2. If Entrala, the brains behind the pope’s massive Twitter account, is looking mostly at what people are revealing about themselves when they retweet the pope’s messages, it re-inforces a notion we at SLC talk a lot about. The value of social media lay not in how it helps you grow. As a growth tool, it’s unreliable at best. But as a tool that provides insight into what people really want, it’s unparalleled.

Of course, I am simplifying here. Both Entrala and his work with the pope’s Twitter account are far more complicated than I’ve conveyed. He’s no hack who happened to stumble on a big customer. (Learn more about Entrala here, here, here, and [if your Spanish is good] here.) But the core of his message as conveyed here is correct.

As you think about your groups’ social media channels, think long and hard about what you’re learning. If you’re not, you’re missing out on the most powerful component social media offers you.

Just ask the pope.

‘We’re a Church; Not a Business’: The Proper Role of Google Analytics in Church Life

Though I could list several hundred statements I hear people express about church life, “We’re a church, not a business,” has to rank among the most-often heard. There are a number of situations in which I will disagree with this idea (budgeting, legal matters, managing staff, etc.), but when it comes to e-newsletter and website analytics, I’m fully on-board.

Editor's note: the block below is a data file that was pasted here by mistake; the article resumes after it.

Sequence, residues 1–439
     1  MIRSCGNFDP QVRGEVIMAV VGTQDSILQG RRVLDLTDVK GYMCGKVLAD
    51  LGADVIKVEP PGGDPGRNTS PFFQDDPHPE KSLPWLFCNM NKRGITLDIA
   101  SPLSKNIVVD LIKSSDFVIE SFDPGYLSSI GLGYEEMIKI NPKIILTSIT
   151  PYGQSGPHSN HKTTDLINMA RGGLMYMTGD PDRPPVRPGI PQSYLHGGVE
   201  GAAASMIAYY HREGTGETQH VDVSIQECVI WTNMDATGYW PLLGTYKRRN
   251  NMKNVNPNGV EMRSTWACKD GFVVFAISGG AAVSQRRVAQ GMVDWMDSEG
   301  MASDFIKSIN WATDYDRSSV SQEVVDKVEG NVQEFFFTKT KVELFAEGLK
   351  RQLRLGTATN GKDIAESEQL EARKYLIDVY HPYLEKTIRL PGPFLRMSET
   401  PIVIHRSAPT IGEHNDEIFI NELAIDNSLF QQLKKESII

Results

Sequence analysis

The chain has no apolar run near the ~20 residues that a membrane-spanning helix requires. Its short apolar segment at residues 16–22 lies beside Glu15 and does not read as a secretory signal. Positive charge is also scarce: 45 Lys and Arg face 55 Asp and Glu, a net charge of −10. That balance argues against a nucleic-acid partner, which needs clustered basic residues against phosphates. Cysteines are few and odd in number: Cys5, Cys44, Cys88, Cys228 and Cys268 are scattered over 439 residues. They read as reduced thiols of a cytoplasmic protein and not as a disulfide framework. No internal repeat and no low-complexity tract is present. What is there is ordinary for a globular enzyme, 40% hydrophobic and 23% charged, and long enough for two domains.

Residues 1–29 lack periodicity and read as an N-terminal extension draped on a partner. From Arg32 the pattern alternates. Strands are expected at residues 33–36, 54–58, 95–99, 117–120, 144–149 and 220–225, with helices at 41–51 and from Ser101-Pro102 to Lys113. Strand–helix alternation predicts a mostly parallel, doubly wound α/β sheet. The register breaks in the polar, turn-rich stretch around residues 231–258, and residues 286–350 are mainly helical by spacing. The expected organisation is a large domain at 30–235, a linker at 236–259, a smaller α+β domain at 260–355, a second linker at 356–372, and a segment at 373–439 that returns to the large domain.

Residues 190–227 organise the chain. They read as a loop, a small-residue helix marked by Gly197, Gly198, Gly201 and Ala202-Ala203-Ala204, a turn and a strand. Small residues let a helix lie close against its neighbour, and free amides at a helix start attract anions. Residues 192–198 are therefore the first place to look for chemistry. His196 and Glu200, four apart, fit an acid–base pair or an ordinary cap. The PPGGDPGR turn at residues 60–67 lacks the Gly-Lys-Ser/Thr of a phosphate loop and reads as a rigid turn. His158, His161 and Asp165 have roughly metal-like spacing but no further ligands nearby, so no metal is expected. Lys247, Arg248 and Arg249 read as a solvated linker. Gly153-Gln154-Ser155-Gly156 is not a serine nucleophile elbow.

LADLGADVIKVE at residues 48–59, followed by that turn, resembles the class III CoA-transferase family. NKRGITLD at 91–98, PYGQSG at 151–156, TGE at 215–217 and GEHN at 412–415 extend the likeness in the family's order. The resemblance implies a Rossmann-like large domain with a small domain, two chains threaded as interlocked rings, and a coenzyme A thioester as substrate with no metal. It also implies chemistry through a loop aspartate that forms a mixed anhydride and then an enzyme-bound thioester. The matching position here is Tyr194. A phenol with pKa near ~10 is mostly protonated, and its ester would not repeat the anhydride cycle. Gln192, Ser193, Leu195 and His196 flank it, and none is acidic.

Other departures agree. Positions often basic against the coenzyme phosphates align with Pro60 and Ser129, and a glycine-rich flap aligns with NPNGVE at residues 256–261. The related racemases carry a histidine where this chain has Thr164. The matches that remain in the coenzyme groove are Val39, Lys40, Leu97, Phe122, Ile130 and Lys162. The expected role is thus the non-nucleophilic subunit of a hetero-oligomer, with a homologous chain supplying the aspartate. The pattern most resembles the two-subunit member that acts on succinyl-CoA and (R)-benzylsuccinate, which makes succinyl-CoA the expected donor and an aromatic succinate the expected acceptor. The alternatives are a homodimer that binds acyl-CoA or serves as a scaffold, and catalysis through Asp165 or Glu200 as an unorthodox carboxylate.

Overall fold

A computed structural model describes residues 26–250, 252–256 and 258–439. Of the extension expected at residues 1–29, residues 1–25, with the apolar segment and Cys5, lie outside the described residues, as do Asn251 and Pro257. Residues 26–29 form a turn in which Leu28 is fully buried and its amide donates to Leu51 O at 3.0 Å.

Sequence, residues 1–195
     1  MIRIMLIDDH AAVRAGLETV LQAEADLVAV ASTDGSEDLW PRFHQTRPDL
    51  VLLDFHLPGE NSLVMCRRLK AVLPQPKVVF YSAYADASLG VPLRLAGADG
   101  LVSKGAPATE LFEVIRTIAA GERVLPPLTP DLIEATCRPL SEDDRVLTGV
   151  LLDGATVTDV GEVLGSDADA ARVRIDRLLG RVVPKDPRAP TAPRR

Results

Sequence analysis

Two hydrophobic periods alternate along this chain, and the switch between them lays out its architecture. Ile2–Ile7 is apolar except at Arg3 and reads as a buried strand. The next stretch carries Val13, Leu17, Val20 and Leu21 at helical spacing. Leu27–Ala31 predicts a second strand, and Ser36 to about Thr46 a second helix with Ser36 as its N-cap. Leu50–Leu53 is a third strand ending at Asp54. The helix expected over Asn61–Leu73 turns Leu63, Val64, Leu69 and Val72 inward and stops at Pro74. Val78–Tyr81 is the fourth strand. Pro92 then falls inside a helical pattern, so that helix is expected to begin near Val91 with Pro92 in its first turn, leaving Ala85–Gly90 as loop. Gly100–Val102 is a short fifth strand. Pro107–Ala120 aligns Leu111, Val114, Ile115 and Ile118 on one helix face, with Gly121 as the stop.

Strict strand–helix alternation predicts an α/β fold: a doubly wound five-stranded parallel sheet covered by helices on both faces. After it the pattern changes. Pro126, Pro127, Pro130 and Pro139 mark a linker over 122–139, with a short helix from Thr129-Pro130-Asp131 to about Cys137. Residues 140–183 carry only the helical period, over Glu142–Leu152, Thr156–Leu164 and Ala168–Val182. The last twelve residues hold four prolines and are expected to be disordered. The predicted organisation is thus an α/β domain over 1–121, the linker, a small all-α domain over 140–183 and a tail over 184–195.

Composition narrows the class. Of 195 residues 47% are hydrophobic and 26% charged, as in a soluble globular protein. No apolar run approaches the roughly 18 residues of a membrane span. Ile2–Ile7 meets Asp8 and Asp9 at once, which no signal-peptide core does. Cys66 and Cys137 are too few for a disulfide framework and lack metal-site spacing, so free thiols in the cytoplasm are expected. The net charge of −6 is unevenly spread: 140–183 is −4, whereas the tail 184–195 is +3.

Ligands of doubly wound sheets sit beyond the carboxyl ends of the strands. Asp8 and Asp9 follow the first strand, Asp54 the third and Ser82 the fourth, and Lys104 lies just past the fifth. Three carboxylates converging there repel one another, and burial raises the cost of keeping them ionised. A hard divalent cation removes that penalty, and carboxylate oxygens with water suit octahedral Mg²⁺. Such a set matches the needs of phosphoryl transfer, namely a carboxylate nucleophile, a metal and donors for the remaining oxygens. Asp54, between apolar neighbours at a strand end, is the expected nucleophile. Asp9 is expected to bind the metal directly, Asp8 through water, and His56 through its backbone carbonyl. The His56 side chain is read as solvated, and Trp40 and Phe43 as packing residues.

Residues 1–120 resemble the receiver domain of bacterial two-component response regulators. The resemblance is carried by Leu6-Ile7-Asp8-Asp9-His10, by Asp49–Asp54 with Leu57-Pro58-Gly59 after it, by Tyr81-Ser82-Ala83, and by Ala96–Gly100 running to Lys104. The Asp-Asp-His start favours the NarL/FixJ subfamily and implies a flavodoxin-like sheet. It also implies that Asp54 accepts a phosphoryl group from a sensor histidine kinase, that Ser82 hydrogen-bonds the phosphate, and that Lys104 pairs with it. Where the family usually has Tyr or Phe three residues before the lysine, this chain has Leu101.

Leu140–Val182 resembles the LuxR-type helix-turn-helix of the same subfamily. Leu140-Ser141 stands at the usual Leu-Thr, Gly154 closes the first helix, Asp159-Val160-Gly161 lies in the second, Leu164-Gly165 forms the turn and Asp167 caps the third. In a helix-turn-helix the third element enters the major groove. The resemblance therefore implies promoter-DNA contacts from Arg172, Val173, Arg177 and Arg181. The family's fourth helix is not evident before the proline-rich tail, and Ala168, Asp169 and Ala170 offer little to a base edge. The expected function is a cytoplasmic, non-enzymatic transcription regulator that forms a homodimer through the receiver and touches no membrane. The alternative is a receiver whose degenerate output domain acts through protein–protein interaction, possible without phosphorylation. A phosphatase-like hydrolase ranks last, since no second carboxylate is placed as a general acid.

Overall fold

This week, I wish to look first at website metrics. Google Analytics, by far the most popular of the website metric tools, is geared toward American business, not American nonprofits and churches. This doesn’t undermine the value of the tool for churches, but it does mean that churches must approach the tool with an awareness of how it can benefit them.

Pathways, not Numbers: Analytics is a valuable tool for tracking visitor numbers and growth. But, churches—especially smaller communities (less that 200 on Sunday)—should worry less about numbers and more about the pathways that people take through their site. Why? Consider architects. Most will tell you that while they work hard to understand how people will move inside buildings they are going to design, and they design with their research in mind, not until the building is constructed and people begin to move through it do they know how traffic will flow. The same is true for websites. And analytics will show you how people track through your site. This knowledge will tell you a great deal about how well, or how poorly, your site is working.